Our little force then fell back into the town, when it was thought advisable to retreat to Fort Heiman, as the enemy were known to have a large force, and were expecting hourly large reinforcements from Humboldt. The whole force accordingly fell back, and the next day met Lieut. Col. Patrick (who had crossed the river the day before with the Second and Third Battalions) about three miles from Fort Heiman.

In the battle of Paris, the first blood of our regiment was shed for the suppression of the great rebellion. The loss in this affair was Sergeant Geary, killed; Sergeant Davidson, Corporal Thomas, and Privates Warren and Musgrave, wounded [Coporal Thomas died since of wounds]; and P. M. McGuire, taken prisoner--all of Company A. Private Nicholson, of Company B, was killed. Battalion Sergt. Maj. Stonewall was killed, and Capt. Bullis, of Bullis' Battery, died of wounds the next day after the fight. A few days after the affair at Paris, the First Battalion moved up to camp, and the regiment was all together again.

The camp was pleasantly situated three miles from Fort Heiman, on the Paris road, and about the same distance from Paris Landing, on the Tennessee River.

The month of March passed away without anything of importance occurring. From two to four companies of the regiment were kept on the scout all the time, and frequent captures were made of guerrillas and horses.

June 25, 1862, the Curtis Horse was assigned to the State of Iowa, and called the Fifth Iowa Cavalry. The field and staff of the regiment at this date was as follows: W. W. Lowe, Colonel; M. P. Patrick, Lieutenant Colonel; A. B. Bracket, Major; William Ashton, Lieutenant and Adjutant; Enos Lowe, Surgeon; B. T. Wise, Assistant Surgeon; Charles B. Smith, Quartermaster.

The alterations in the battalion for the month of June, 1862, were as follows:

W. B. McGeorge, Regimental Adjutant, resigned June 9, 1862; Horace Walter, First Lieutenant Company A resigned June 1, 1862; Fred Williams, Second Lieutenant Company A, resigned June 9, 1862; Regimental Commissary Sergt. Rodolph Crandall, appointed Second Lieutenant Company L, to date from June 10, 1862.

August 26, the rebel Col. Woodward made an attack on Fort Donelson with a force of 600 men, but was repulsed by the garrison, consisting of three companies of the Seventy-first Ohio, under command of Maj. Hart. Col. Lowe, commanding post of Forts Donelson, Henry and Heiman, was advised of the attack on Fort Donelson, and immediately started to reinforce the garrison with six companies of the Iowa Fifth--A, B, D, E, K and L. The Colonel, with his command, arrived at Fort Donelson at 9 o'clock P. M., at which time the enemy had fallen back up the river.

On the morning of the 27th, at daylight, Col. Lowe started in pursuit, Company B, numbering thirty men, commanded by Lieut. Summers, being in advance. After marching about six miles, and when near the ruins of the "Cumberland Iron Works," the enemy's pickets were discovered. The advance charged them, and soon came in sight of a reserve of rebel infantry, who threw down their arms and fled, the advance following them to within seventy-five yards of their camp, which was discovered to consist of a considerable force, with one piece of artillery. Having learned this much, Sergt. James H. Wing, commanding the advance, wheeled his party about and fell back on the main column, and one-half mile to the rear.

Companies B and D were immediately dismounted and thrown out as skirmishers, and were soon sharply engaged with the enemy, driving them in fine style, A deep and muddy creek stopped the advance of Company D, but Company B crossed on a bridge and pushed forward, turning the enemy's flank, when the piece of artillery opened on them with solid shot, and then with grape and canister. Hearing the cannon, Col. Lowe gave Lieut. Summers an order to mount his men and charge the gun, which was accordingly done with drawn sabers. The gun was supported by three companies of infantry, well protected on the right by the steep bank of the river, and on the left by a strong fence and heavy timber; but, riding down the gunners, the gallant Lieut. Summers dashed into the center of the enemy's line and scattered them like chaff. As soon as the center was broken, the clanks also broke and fled. Flushed with this success, many of the company dashed on in pursuit of the flying enemy, running headlong into the main body of the enemy, four hundred strong, admirably posted in cellars of burned houses and among the ruins of the iron works. Here several of our men were captured, and those who were not were too few in numbers to bring away the gun. The horses attached to it were killed or so badly hurt as to be useless, the ammunition and caissons were destroyed, and the gun dismounted and left. Finding it impossible to dislodge the superior portion of the enemy with the force under his immediate command, which was only 130 men, Col. Lowe returned to Fort Donelson.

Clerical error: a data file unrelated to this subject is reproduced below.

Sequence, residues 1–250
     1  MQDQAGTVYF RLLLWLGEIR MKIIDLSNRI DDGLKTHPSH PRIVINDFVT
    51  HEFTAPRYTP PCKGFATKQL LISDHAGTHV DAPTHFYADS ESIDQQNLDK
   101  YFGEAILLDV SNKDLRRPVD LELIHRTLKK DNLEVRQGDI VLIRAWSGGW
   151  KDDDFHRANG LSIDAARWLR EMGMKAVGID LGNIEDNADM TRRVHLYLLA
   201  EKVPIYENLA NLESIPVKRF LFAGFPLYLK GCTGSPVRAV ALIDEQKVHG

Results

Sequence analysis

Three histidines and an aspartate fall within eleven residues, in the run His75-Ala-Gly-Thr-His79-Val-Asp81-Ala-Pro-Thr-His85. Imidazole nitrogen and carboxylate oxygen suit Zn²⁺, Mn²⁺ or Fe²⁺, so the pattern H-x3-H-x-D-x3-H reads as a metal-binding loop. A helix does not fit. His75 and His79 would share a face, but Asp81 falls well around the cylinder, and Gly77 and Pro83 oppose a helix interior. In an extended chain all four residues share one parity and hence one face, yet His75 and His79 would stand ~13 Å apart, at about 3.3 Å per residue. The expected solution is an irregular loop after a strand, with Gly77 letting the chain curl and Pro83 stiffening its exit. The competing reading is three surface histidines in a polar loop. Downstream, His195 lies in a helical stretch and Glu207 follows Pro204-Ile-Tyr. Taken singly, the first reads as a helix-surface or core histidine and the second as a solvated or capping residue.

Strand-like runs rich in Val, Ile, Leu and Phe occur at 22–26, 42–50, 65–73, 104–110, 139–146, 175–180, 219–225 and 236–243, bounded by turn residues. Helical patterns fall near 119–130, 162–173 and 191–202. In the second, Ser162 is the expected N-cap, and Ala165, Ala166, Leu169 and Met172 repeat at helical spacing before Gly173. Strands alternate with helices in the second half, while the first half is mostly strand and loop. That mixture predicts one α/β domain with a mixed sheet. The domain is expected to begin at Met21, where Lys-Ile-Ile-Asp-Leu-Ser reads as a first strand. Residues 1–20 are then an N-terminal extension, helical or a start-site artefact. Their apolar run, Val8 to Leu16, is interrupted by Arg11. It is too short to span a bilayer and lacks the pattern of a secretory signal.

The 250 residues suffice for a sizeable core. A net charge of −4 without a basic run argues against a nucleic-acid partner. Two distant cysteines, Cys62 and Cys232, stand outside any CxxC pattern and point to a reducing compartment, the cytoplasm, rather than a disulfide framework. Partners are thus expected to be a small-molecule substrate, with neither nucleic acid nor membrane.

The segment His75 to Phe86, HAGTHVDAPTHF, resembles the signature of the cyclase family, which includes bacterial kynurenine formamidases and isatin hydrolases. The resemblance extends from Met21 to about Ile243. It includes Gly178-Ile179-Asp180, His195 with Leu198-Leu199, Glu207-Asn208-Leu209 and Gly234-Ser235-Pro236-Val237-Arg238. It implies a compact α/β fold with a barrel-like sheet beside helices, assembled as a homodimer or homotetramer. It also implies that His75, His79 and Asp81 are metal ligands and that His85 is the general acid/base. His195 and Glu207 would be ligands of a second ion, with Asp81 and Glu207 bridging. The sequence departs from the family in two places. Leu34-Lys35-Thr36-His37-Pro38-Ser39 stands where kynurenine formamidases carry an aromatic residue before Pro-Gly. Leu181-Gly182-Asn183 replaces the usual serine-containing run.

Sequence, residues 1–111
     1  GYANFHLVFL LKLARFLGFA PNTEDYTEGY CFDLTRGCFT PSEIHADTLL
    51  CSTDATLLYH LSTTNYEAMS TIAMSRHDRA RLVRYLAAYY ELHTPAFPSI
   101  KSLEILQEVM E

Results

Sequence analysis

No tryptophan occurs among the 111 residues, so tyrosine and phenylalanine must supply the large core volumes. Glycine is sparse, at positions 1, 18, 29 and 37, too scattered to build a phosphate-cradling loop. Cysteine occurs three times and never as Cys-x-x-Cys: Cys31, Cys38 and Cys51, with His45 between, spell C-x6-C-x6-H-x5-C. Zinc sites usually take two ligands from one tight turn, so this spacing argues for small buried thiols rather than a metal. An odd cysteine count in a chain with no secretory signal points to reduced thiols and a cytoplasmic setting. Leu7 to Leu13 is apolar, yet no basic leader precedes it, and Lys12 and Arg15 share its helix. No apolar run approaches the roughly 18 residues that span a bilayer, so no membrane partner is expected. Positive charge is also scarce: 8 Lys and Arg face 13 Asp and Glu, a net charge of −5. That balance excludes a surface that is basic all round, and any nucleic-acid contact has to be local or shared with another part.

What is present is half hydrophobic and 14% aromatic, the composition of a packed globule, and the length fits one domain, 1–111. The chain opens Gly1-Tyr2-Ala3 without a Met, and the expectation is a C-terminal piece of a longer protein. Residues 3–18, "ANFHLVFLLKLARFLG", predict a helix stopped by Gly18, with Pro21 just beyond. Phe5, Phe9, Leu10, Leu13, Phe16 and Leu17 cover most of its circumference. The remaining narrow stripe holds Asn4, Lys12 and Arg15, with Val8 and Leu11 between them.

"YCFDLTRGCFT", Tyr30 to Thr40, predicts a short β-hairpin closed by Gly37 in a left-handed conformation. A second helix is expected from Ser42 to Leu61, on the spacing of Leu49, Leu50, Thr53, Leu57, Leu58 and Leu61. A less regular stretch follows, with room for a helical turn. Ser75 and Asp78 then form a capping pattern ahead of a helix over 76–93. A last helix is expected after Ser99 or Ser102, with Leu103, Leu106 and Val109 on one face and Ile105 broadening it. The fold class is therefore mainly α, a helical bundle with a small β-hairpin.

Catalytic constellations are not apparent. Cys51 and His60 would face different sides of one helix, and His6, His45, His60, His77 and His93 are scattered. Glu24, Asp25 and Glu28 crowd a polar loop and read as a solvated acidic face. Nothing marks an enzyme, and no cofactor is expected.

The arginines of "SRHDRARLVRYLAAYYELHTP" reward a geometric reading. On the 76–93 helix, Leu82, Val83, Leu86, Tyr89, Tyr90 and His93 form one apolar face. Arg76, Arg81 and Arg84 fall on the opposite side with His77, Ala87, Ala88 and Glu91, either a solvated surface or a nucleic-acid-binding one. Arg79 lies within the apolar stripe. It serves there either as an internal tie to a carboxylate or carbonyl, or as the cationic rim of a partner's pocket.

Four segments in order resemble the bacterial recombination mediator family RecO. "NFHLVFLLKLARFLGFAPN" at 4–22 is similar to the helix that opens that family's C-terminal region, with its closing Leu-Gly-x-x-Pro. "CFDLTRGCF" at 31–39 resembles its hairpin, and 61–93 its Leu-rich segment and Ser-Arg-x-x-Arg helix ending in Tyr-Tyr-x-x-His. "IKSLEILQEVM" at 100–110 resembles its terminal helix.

Our loss in this affair was: Company B. First Lieut. Summers, mortally wounded, died at a house near the scene of action, August 29; Second Lieut. E. G. McNeely, severely wounded and captured; Privates C. P. Hughes and Louis Disher, killed; Privates H. B. Moncravia and R. B. Nelson Mann, mortally wounded; Sergts. James H. Wing and George McLean, Corp. Jason Lanceford, Privates George H. Traver, Philip McGarry, Samuel Hopkins and Richard Brackensky, wounded.

The loss of Lieut. Summers was severely felt by his regiment. A more gallant officer never drew his sword for his country. Riddled with balls, he fell from his horse near the enemy's cannon, and was surrounded by a crowd of them, who attempted to bayonet him; but, although unable to rise to his feet, he cut at his assailants with his saber, and split one of them from his shoulder to the center of his body, and cut the hand of another nearly off. He fought with his saber until it became so bent as to be useless, and then shot five times with his revolver, when the crowd of rebels, pressing on him from all sides, wrenched his pistol from his grasp and made him a prisoner. When taken, he had seven minie balls in his body and a baronet wound in the thigh.